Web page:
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Part 8 of Supreme Court Analysis: First Amendment Absolutism, But Only For Corporations

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This is the eighth of our much anticipated installments tearing up into little itsy bitsy pieces the rogue Supreme Court ruling to declare our country the kingdom of the corporations. We're not proud, we're not tired. But there are still yet more fundamental and unforgivable errors in this opinion we have not yet addressed.

Here we confront the shameless hypocrisy of creating a super protected status for the "speech" (amounting to nothing more than the power to spend vast sums of money) of corporations, by the same Supreme Court line up that has demonstrated ZERO tolerance for the "free" speech of just about anybody else.

In his opinion, Kennedy, writing for The Supreme Court 5 (including Roberts, Scalia, Thomas and Alito), can find no other reading of the First Amendment except that the "speech" of corporations "beyond all doubt" cannot be constrained in any way (opinion p. 19). Even requiring them to maintain a PAC as a vehicle for their political speech is too onerous of a paperwork burden he says (opinion pp. 20-21). And though previous courts and Congress have long recognized a compelling governmental interest making sure ordinary citizens were not drowned by a flood of corporate money, for Kennedy this was somehow a new invention of the Austin case that he then arrogates to overrule (opinion p. 31), specifically a governmental interest in preventing

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"... the corrosive and distorting effects of immense aggregations of wealth that are accumulated with the help of the corporate form and that have little or no correlation to the public's support for the corporation's political ideas."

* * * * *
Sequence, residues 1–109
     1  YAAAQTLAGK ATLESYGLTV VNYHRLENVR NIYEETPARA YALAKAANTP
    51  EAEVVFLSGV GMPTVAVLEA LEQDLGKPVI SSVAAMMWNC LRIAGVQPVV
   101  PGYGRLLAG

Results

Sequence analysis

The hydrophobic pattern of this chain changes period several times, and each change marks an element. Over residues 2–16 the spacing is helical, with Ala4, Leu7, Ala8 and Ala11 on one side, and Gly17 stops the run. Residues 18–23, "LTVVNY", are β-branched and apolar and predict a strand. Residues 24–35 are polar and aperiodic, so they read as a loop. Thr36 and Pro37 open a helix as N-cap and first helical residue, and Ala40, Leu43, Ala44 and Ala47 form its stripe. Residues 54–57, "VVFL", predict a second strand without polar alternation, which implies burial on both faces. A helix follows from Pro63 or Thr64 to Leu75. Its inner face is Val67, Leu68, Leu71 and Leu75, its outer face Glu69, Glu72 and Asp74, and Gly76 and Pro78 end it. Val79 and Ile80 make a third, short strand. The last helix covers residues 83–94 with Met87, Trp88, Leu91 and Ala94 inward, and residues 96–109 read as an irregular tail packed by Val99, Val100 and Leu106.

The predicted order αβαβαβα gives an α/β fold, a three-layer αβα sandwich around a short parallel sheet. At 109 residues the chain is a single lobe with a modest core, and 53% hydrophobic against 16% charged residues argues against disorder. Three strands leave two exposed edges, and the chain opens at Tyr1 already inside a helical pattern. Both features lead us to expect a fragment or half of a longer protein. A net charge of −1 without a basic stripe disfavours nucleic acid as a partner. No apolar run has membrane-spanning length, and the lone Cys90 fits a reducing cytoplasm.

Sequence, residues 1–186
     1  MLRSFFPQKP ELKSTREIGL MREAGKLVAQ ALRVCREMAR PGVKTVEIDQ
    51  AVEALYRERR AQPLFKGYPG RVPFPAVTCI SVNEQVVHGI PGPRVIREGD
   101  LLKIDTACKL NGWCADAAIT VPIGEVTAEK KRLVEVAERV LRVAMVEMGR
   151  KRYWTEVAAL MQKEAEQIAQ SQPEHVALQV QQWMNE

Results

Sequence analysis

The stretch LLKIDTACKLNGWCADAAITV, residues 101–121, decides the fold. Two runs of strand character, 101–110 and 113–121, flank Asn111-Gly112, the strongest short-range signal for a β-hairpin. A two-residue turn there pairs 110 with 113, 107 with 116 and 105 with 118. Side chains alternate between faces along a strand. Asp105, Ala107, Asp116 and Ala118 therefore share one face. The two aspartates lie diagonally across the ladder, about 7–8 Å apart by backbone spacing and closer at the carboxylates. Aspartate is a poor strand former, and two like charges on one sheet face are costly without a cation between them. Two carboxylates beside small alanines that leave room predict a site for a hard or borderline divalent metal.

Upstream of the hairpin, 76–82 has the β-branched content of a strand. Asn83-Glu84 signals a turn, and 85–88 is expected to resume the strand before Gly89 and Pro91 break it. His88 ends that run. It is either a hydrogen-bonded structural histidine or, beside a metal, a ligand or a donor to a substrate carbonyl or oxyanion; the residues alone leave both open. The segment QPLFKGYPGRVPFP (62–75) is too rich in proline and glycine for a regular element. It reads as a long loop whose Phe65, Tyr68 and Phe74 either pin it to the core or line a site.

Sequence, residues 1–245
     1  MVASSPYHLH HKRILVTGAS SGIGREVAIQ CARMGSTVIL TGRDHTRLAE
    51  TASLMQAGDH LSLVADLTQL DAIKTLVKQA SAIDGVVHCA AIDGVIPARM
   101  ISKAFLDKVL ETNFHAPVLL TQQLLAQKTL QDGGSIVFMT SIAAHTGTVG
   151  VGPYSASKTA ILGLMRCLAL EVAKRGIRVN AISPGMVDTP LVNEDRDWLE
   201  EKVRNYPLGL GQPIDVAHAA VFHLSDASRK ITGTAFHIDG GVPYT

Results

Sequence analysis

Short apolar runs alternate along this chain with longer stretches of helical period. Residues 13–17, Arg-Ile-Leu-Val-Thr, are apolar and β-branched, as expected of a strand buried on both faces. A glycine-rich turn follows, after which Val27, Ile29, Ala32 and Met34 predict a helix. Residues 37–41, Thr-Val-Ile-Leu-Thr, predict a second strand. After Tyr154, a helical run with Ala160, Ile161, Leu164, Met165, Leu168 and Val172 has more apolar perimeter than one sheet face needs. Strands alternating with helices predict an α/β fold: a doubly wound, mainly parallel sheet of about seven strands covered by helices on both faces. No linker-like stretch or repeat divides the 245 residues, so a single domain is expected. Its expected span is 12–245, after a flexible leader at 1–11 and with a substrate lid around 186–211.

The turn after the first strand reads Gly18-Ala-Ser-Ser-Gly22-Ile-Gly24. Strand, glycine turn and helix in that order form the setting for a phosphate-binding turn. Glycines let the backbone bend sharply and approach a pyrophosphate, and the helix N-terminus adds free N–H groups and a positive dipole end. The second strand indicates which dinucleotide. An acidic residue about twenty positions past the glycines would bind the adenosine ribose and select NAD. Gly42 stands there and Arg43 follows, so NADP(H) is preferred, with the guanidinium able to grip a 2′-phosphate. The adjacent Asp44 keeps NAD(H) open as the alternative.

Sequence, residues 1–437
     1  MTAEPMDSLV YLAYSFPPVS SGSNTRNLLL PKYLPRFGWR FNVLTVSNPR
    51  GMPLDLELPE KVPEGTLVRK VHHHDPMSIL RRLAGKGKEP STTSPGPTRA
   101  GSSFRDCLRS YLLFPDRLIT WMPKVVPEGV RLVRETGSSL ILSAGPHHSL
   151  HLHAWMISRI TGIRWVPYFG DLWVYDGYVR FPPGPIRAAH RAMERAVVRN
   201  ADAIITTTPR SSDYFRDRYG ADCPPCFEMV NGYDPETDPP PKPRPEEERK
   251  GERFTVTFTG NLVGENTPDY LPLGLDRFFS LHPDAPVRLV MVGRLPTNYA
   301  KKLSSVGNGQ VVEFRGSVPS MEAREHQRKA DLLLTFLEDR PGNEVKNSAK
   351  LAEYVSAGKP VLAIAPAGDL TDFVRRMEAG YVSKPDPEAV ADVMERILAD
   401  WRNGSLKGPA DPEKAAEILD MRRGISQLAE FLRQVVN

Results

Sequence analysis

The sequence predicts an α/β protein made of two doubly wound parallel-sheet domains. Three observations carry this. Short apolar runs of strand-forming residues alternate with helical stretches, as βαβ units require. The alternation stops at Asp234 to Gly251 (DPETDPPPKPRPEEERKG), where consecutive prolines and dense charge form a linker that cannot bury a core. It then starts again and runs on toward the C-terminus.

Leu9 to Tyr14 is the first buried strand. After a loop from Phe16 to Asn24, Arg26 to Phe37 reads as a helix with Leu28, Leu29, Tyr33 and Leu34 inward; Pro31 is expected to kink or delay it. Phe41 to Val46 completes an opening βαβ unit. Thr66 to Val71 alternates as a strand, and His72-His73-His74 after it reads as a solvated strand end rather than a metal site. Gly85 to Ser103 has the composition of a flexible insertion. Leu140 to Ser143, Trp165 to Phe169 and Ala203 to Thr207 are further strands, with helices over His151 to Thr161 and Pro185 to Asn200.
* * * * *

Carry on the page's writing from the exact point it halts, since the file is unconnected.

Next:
That quote from Austin actually sounds pretty good to us just as it was.

And of course his own citations to other cases which he provides for this very quote proves that this concept in law is nothing new, but instead backed by a long line of case precedents. On another page (opinion p. 27) Kennedy cites a minority opinion from 1948, where they complain that the majority in that case (U.S. vs. CIO) should not have limited "undue influence" by a speaker's "large expenditures". The point he was attempting to make was that there has always been a line of dissent, of course proving nothing more than it has always been the MINORITY view.

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The precept that there is a compelling governmental interest in limiting undue financial influence over our elections has been long recognized, long acknowledged, and long accepted, except by this same grousing, grudge settling minority (indeed two of these same judges were the dissenters in the Austin case itself), but which by the unfortunate and ill-advised seating of one final corporatist partisan has now been empowered to execute their long plotted judicial coup.

So what, you might now be asking yourselves, WOULD be a compelling governmental interest in limiting free speech? The opinion cites a handful of some 20-30 plus year old cases, examples of people in the military, people in prison, etc. (opinion pp. 24-25) But of course we don't have to look that far to find evidence of Kennedy's hypocrisy. This same line up of judges has spoken very recently on the free speech rights of ACTUAL people, and let's just see what they said.

In Garcetti v. Ceballos, 547 U.S. 410 (2006), Kennedy wrote the opinion that a whistle blower, who was a deputy district attorney, could be retaliated against for speaking out against wrongdoing by the police. Somehow defending the free speech of someone charged with protecting the integrity of our law enforcement agencies was not a compelling government interest. But making sure multi-national corporations are not even slightly inconvenienced in buying our elections? That is, according to this same judge.

In Morse v. Frederick, 551 U.S. 393 (2007), Roberts wrote the opinion that unfurling a nonsensical joke banner ("Bong Hits For Jesus") off of school property was such a threat to the foundations of our society that it must be stamped out with the biggest possible boot, a dire governmental emergency. But having our policy debate leading up to an election totally dominated by corporate special interests? For Roberts, not so much.

Yes, when it comes to actual people or real compelling interests (like stopping police wrongdoing) the First Amendment is not for us. Because we now have a majority on our Supreme Court for which only the rights of corporations are supreme, inviolable, and sacrosanct. But for more evidence of just how dreadfully bad this decision is, you will have to wait until the ninth bone chilling installment of the Night of the Living Dead Dissents.

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